Back in early March 1973, newly released American Graffiti and The Sting were raking in big bucks at the box office. Roberta Flack's Killing Me Softly With His Song was sitting atop the pop charts. And a nurse named Louise Belich was busy learning the ropes of her new job at All Children's Hospital.
All would share something in common. Like the movies and the song that accompanied her All Children's debut, Louise would become an enduring classic - a No. 1 hit in the hearts the nurses and doctors she worked with, and the young cardiovascular patients she helped and cared for so passionately.
Forty years to the date of her first day of work - March 12, 1973 - she officially spent her final few hours on the job amid a surprise celebration reflecting the love and admiration so many people feel for her.
There were glowing tributes from coworkers, words of praise from ACH President Dr. Jonathan Ellen, potluck fare galore - and even a special appearance from Raymond, the big blue mascot of the Tampa Bay Rays team Louise and husband Jack avidly support as season-ticket holders.
Of course, if Louise could have had it her way, there would only have been a quiet farewell with absolutely no fanfare. She made Susan Collins, administrative director of the Heart Center, promise that there would be no party. But when Susan relayed that sentiment to her nursing staff, the response equated to a resounding "no way."
"I initially had rejected the idea of a party because Louise was so adamant about wanting to leave quietly," Susan said. "But I'm so glad the staff did this. It was my promise to Louise that there would be no party - it wasn't her coworkers' promise."
In fact, when Louise first entered the crowded conference room in the Heart Center, her first words following cheers and applause were initially of disbelief. "This wasn't supposed to happen," she said.
But in no time, the woman known to younger nurses as "Mama Louise" was smiling, sharing hugs and feeling humbled by the outpouring of emotion and sentiments. First came a reading of her Daisy Award nomination letter, singling her out for constantly advocating for nurses, interacting with and educating families, providing compassionate clinical care and always being guided by her love of children.
Chaplain David Pitt followed by announcing the arrival of a VIP. With that, Raymond burst into the room. With cheers and laughter erupting, the Rays' furry emissary embraced the stunned guest of honor and did a few silly dance moves to break the ice. She couldn't help but beam.
Then everyone's attention turned to a Power Point show that noted how there were only 63 beds (compared to 259 today), no ICUs and no pediatric subspecialists when Louise first started at All Children's.
The presentation revealed how Louise did double duty as weekend and night pharmacist at ACH in addition to performing her supervisory nursing duties; how she brought patients every Thursday to the loading dock for a weekly treat - McDonald's Day; and how she displayed a playful side by placing EKG leads on her shoes and tap-dance down the halls and racing on IV polls. And it expressed thanks from the staff for "all you have taught us through the years."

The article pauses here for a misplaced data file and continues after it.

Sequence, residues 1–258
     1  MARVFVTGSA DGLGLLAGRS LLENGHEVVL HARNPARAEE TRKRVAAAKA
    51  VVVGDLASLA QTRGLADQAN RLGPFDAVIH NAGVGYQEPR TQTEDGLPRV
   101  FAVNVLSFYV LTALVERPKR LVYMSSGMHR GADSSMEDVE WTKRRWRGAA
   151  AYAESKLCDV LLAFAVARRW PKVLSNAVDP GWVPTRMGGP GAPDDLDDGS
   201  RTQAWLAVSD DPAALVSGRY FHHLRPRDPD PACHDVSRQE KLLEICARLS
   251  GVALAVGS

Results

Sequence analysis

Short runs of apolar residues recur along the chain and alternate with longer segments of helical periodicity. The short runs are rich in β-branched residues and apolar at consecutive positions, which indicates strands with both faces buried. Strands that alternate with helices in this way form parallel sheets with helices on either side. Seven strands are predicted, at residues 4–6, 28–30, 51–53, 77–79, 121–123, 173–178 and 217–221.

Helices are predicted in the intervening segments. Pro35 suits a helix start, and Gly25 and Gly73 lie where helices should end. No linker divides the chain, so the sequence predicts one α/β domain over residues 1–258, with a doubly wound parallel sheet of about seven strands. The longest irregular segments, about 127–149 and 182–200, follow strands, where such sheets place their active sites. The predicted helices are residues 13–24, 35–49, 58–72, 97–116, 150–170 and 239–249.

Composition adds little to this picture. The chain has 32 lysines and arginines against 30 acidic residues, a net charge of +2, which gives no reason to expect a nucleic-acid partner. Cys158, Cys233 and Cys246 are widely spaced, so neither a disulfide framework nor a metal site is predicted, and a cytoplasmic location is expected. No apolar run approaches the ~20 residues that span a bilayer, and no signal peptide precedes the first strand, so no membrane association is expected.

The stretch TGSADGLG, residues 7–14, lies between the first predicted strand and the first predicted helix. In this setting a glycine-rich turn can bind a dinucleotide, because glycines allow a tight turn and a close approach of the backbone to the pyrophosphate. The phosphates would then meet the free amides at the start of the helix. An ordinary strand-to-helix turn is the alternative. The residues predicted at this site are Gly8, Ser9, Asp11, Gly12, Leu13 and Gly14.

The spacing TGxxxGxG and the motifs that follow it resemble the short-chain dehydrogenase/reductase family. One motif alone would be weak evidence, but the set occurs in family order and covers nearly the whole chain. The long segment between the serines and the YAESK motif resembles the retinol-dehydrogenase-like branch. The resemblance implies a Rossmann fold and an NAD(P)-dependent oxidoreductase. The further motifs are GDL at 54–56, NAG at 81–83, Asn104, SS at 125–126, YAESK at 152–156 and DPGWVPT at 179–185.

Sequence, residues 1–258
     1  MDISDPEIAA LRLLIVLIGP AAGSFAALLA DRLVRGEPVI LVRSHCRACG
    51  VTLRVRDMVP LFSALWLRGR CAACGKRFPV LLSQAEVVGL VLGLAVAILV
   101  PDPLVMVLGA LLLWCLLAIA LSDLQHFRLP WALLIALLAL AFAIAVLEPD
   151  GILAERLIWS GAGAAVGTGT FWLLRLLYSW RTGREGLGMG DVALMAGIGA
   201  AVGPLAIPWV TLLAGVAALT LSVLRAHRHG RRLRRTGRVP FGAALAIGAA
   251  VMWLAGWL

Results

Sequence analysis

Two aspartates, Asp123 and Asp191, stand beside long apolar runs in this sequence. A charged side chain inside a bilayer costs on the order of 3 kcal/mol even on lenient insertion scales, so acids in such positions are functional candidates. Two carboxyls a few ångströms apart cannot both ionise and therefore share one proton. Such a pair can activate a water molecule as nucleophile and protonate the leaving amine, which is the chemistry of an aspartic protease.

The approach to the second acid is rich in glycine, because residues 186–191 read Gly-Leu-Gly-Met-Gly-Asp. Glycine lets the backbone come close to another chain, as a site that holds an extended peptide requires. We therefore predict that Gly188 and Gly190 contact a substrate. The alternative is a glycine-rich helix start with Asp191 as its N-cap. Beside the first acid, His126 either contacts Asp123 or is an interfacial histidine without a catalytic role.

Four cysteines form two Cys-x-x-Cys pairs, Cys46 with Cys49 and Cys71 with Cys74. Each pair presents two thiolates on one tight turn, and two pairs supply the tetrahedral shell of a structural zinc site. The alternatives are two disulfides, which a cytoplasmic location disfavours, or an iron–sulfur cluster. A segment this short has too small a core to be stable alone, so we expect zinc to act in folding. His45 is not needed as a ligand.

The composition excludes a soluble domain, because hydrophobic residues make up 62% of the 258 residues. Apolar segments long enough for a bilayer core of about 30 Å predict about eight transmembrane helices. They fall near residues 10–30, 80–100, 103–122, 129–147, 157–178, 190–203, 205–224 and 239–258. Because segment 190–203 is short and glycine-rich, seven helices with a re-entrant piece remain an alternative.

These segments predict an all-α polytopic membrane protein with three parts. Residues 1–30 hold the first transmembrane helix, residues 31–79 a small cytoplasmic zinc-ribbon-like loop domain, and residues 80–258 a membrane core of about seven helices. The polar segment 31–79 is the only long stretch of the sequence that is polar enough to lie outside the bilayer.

As the party unfolded, Louise sat down among long-time friends and co-workers, to share a final few hours of on-the-job conversation and company. And others talked about the lasting impact she has had.
"She really has mentored the entire staff to the ways of nursing," Susan said. "She's looked to as a resource. And she just is the epitome of nursing. You can see how much they love her."
Dr. Jeffrey Jacobs was one of several cardiovascular physicians attending the send-off. "One thing I know about Louise is whenever I came out of the operating room and she was the nurse taking care of my patient, I felt really happy," he said. "She's a wonderful nurse and it's been an honor to work with her for 15 years."
Dr. James Quintessenza echoed the sentiment: "Louise has been here longer than almost anybody. She's just a great person and a great nurse. She's been through all kinds of stuff but always has that 'We'll get it done' kind of attitude.' She's going to be missed terribly."
And what will Louise miss? "I think everything," she said. "Everything. The families, the children. I'll miss the camaraderie. I've known a lot of these nurses a long time - some since they got out of nursing school. They're like my kids."
Louise plans to stay active in retirement. She and husband Jack are highly in involved in their Clearwater church, Calvary Baptist, and they're taking a trip to the Holy Land this summer. And as Rays diehards, they'll be spending plenty of time soon at Tropicana Field.
Yet wherever Louse is, her heart will always be in All Children's.
"People say, 'How do you work at All Children's?' and I say, 'Ninety-nine percent of the time or maybe even more, it's not a sad place," she said. "You're there through the hardships of that family - the worst times in their lives. And if you can give just a little bit for that family, that means more to me than anything."
"Faces and Places" is a regular column highlighting those people, places and things that make All Children's Hospital special. If you have an idea for a story, please contact writer Dave Scheiber at 727-767-2490 or email@example.com. For a full archive, click on the Faces and Places icon on allkids.org.